(i) The earlier, under the centre window, probably commemorates Gervase Alard (d1310) whose son Stephen founded a chantry in 1312, followed by Robert Alard’s in about 1319. The main structure is divided into three parts, of which the much broader middle one is canted out and its arches are cusped and sub-cusped with ogees on the central one, and tall gables, ornamented as in the north chapel, with a head in the centre of the middle one, whilst most of the diaper-work that covered it remains. The restrained use of ogees suggests the whole structure is slightly earlier than the tombs in the north chapel, though the work is of similarly high quality, as for example the elegant head-stops on the centre opening. The tomb chest beneath has broad but shallow niche between smaller ones. The armoured effigy holding a heart is stone not marble, but the detail is consistent with a date of 1320-25.
(ii) The second tomb, probably that of Stephen Alard (d 1327 or 1330), is also in three parts, but not canted. The similarities extend to the stone effigy. It is likely to be the latest of the series, for the openings are more clearly separated and ogees are no longer found, whilst the head-stops are proportionately larger.
3. (South chapel) Reynaul Alard (d1354) A stone slab, bearing a foliated cross with a figure at the centre and the indents of an inscription.
4. (South chapel, west wall, top row) Drake Hollingbery (d1821) by G Lupton (Roscoe p768, who, following Gunnis, gives the name as ‘Drake Clerk’). The adjacent memorial to Hollingbery’s children (d1843 and 1844) must be by the same hand.
5. (South chapel, west wall, second row) Richard Greenland Denne (d1839) etc; tablet by M Vidler (ibid p1314).
Painting: (At the back of a recess in the south chapel) An angel, holding the soul of the departed in a napkin, was visible as recently as the 1970s (vidi), but nothing recognisable is left. According to Sally Badham (Medieval Church and Churchyard Monuments, Oxford 2011, p18) painted devotional pictures in such positions were frequent but few have survived, making this a grievous loss.
1. (South chancel) Original, like the adjacent sedilia (see below), with cinquefoiled heads under crocketed gables with pinnacles. The canopies are vaulted with diaperwork on the lower parts of the back. It was re-assembled in the C19 (see above), but there is no obvious sign of this.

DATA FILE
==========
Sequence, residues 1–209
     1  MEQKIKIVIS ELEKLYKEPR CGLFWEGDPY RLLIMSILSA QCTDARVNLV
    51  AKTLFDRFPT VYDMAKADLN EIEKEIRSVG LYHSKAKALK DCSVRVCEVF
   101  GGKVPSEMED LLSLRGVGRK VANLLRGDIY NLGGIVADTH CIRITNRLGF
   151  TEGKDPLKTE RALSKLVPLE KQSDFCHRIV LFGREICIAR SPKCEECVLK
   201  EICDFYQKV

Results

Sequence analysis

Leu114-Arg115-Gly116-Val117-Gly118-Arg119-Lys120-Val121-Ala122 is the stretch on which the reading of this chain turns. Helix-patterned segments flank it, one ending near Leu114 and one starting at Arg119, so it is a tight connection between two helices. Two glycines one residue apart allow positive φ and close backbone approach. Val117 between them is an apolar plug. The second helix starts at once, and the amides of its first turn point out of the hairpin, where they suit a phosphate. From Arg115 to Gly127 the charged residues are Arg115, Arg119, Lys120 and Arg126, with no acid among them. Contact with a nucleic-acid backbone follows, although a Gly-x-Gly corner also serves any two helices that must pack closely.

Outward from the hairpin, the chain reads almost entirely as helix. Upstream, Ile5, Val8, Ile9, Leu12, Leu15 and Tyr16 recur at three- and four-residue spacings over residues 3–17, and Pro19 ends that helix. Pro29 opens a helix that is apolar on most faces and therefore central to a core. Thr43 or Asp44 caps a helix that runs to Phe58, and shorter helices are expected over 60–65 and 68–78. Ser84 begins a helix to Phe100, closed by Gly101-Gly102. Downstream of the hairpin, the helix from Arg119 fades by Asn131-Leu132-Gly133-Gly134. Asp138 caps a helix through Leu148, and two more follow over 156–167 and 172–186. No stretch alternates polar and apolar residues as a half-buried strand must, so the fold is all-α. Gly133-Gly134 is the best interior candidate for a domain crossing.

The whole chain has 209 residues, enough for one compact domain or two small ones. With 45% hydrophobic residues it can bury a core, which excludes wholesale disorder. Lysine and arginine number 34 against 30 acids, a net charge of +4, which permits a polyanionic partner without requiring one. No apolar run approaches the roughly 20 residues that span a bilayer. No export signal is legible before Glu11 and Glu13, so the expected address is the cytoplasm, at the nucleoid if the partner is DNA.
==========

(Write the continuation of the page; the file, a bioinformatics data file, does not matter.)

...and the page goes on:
2. (South chapel) As in the chancel, this is closely related to the adjacent sedilia (see below). Both are a little later, for the heads have ogees, elaborate double cusping and ornate crocketed gables on clustered marble shafts. Despite restoration, the relationship with the Alard chantries is clear.
3. (South east transept wall, outside) C14 with a trefoiled head and a shelf.
Reredos: (North chapel, east end) H S Goodhart-Rendel, 1933, in a gothic idiom with figures, and including the altar (CDG April 1933 p154).
Royal Arms: (South chapel west wall) Painted panel with George III before 1802.
1. (South chancel) Triple and closely related to the adjacent piscina, though the canopies are supported on marble shafts. It is more obviously much renewed.
2. (South chapel) Also triple and also an entity with the adjacent piscina (see above).
Tiles: (North chapel) Area of mediaeval tiles, probably C14 or C15.
1. C Blair, J A Goodall and P J Lankester: The Winchelsea Tombs Reconsidered, CM 15 (2000) pp5-30
2. T Johnson: Winchelsea and its Church, in Mundy, pp164-73
3. S M Kirkman: Winchelsea Church, Sussex, Antiquary 44 (1908) pp292-94
4. C Wilson: Gothic Metamorphosed: The Choir of St Augustine’s Abbey in Bristol and the Renewal of European Architecture around 1300 in J Cannon and B Williamson: The Medieval Art, Architecture and History of Bristol Cathedral, Woodbridge, 2011, pp69-147
Measured plan by W H Godfrey in VCH 9 p72
1. My thanks to Nick Wiseman for the photographs of the effigies in the north aisle, the sedilia and piscina, the bracket and the Royal Arms.
2. My thanks also to Tim Cornish who drew my attention to the article by Christopher Wilson cited above, which might otherwise have passed me by.